The ebb and flow of sentiment is critical in the short term. The markets will overreact to both good news and bad. The problem is that data is going to be less reliable than it has ever been and that is the fuel that feeds sentiment. The extrapolation of data points amplifies the overreaction and a virtuous cycle quickly becomes a vicious one.
News of ‘lowest number of cases’ that permeates headlines can quickly change to a much darker narrative. Yesterday, the number of new infections in Germany rose to a three-week high and Italy announced that it was keeping schools closed until September. Hong Kong has extended its lockdowns until the end of April and expectations for a similar extension here in the UK are high.
However, we do know that for every piece of bad news, policy makers are looking to quell with announcements of new stimuli. Last night our Chancellor, Rishi Sunak, pledged £750 million of extra funding for our struggling charities and Congress in the US confirmed an additional $1 trillion stimulus package was currently being drawn up.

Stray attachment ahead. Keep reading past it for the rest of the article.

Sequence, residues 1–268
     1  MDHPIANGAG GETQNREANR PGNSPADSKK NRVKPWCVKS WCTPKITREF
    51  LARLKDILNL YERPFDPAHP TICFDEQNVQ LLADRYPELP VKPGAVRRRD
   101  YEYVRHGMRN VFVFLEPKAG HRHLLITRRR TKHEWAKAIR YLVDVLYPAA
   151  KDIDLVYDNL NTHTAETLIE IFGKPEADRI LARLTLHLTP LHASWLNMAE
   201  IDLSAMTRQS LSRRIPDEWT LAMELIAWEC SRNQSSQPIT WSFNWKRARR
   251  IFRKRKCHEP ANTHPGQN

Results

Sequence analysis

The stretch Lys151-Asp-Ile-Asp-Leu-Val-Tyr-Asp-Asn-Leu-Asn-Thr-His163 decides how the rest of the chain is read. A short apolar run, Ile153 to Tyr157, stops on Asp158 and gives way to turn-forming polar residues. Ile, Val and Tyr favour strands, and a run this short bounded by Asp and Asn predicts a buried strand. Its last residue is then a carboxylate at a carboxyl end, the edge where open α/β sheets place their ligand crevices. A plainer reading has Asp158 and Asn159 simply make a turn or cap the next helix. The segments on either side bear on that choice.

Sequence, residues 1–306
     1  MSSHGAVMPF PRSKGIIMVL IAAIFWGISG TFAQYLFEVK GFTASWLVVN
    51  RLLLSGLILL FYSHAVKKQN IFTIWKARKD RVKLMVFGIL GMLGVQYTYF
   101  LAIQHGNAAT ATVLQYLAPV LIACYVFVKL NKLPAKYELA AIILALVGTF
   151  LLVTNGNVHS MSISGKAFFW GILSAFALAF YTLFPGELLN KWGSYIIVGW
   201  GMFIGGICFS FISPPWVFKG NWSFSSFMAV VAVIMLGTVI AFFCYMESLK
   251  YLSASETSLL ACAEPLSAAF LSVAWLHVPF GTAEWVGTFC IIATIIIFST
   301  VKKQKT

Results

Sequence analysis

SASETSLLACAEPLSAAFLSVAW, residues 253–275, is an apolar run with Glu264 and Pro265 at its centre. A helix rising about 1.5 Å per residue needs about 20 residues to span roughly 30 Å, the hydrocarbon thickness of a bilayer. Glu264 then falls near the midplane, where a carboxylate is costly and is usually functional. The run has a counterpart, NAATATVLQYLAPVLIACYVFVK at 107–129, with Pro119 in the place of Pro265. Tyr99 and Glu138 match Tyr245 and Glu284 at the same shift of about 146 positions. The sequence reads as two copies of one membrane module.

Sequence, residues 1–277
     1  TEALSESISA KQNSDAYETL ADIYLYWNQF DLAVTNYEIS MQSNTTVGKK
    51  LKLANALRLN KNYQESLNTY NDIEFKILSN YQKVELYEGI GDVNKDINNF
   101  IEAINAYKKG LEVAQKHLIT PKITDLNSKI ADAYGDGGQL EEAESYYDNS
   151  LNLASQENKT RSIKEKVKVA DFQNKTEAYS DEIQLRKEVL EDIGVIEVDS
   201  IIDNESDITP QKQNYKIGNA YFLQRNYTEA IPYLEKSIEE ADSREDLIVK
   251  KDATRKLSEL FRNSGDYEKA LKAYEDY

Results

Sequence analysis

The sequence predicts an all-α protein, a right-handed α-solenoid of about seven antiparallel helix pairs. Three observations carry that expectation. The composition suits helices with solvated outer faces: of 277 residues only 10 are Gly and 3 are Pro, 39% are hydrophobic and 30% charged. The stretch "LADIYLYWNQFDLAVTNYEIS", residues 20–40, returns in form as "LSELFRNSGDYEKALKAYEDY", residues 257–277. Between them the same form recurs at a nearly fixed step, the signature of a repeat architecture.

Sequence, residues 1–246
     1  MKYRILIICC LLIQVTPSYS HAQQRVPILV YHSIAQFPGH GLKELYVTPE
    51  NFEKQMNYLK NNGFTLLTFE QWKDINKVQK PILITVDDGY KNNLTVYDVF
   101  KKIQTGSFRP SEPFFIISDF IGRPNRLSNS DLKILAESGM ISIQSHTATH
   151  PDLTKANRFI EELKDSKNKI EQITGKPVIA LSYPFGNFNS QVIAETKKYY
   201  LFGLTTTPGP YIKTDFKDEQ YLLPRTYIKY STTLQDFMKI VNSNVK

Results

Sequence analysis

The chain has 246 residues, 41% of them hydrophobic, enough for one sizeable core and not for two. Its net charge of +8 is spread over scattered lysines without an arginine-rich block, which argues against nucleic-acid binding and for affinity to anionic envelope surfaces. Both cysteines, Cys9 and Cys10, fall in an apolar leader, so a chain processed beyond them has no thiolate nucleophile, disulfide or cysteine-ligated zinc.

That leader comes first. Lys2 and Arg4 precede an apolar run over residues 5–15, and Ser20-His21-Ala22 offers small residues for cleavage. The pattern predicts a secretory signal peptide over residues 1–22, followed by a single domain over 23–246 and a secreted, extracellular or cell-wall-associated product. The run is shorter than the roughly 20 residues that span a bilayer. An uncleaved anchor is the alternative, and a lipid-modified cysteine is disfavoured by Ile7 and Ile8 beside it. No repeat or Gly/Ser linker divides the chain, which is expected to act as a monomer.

This is a reminder that temptation to gorge on the 24-hour news flow can lead to a rollercoaster of emotions; we wrote in our quarterly review in January of the perils of relying on particular media sources. We strive to provide balanced and relevant commentary, which we hope will become your mainstay in these difficult times.